Network controls in GCP vs. on-premises: Not so different after all
If you’re used to managing an on-premises network, moving to managing one in Google Cloud Platform (GCP) can be daunting. Some controls are similar, but often configuration (or what configuration implies) is different enough that you’ll need to take a step back and figure out what's different. In this post we’ll take you on a short tour of some of the native GCP network security controls that you’re likely familiar with on-premises and explain what’s different when you’re using those controls with GCP. When you use the GCP network, your services can benefit from global reachability at high speed and a highly flexible environment. And you can skip managing network equipment such as routers and switches.
GCP's network construct is known as a virtual private cloud (VPC) network. VPC networks, including their associated routes and firewall rules, are global resources. They are not associated with any particular region or zone, making it easier to get flexibility and high performance for your GCP workloads. But you’ll still have essential components to understand to make sure your cloud network is correctly configured. Here are the key areas to explore.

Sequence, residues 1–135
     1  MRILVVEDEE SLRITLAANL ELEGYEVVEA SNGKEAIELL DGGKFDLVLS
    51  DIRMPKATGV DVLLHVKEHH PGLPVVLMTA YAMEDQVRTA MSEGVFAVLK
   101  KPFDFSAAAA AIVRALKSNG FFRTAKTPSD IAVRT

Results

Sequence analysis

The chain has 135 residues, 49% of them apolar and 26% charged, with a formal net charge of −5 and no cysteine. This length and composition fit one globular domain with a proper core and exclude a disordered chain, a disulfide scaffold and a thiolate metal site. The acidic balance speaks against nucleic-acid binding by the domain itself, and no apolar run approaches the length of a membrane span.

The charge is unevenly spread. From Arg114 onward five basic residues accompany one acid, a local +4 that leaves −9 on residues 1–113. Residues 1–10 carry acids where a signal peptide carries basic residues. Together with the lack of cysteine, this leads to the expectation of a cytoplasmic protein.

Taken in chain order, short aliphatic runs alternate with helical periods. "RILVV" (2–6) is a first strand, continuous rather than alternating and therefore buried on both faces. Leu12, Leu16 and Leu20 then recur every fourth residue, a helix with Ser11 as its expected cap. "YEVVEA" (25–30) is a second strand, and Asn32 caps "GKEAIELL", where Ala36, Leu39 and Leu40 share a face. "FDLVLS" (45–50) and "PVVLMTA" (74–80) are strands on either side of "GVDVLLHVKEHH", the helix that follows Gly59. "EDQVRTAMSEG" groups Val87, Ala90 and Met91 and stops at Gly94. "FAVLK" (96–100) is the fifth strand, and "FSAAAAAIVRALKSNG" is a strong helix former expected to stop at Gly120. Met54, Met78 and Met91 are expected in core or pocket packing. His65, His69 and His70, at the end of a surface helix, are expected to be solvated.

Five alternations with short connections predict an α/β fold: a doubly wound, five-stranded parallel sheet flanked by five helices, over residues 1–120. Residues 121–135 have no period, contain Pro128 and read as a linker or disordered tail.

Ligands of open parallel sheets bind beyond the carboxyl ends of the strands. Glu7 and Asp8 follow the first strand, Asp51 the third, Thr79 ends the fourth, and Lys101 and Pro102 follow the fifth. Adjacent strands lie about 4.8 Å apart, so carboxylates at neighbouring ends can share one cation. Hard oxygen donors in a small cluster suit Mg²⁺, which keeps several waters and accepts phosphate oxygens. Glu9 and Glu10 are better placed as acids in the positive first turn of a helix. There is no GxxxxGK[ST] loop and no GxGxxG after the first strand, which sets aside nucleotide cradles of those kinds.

As with an on-premises network, a VPC network can be subdivided into subnets, or subnetworks. A GCP subnet has a primary IP address range defined as a contiguous private RFC 1918 CIDR block. In GCP, each subnet that you create is associated with a region. Networks can contain one or more subnets in any given region. Subnets can extend across zones within a region. This diagram shows a global VPC network with subnets divided into various GCP regions.
To define and create a subnet within a VPC network, use the GCP console or the gcloud CLI. If you’ve ever wished it was easier to extend a subnet range after creating it and assigning IP addresses to resources, then GCP has you covered—you can extend a subnet range without disrupting running services. For example, you can expand a subnet with a prefix mask of /20 to a prefix max of /16 without having to reconfigure your existing workload.
Routing is the process where network packets are directed from their source toward their destination through intermediate network nodes. When you’re managing an on-premises network, these intermediate network nodes are typically network hardware devices such as routers, gateways or firewalls.
Routing on GCP is carried out through Google's software-defined network (SDN). GCP routes tell the VPC network where to send packets destined for a particular IP address. When you create a network, it has default routes created that let instances in a network reach each other across subnets as well as for internet traffic. You can also add user-defined routes for specific destination ranges that direct traffic to a VPN tunnel, a specially configured instance, or some other destination that you can configure using the console or the gcloud CLI.
A route alone is not enough to get a packet to its destination. You’ll need to configure firewall rules to permit the packet to reach its destination.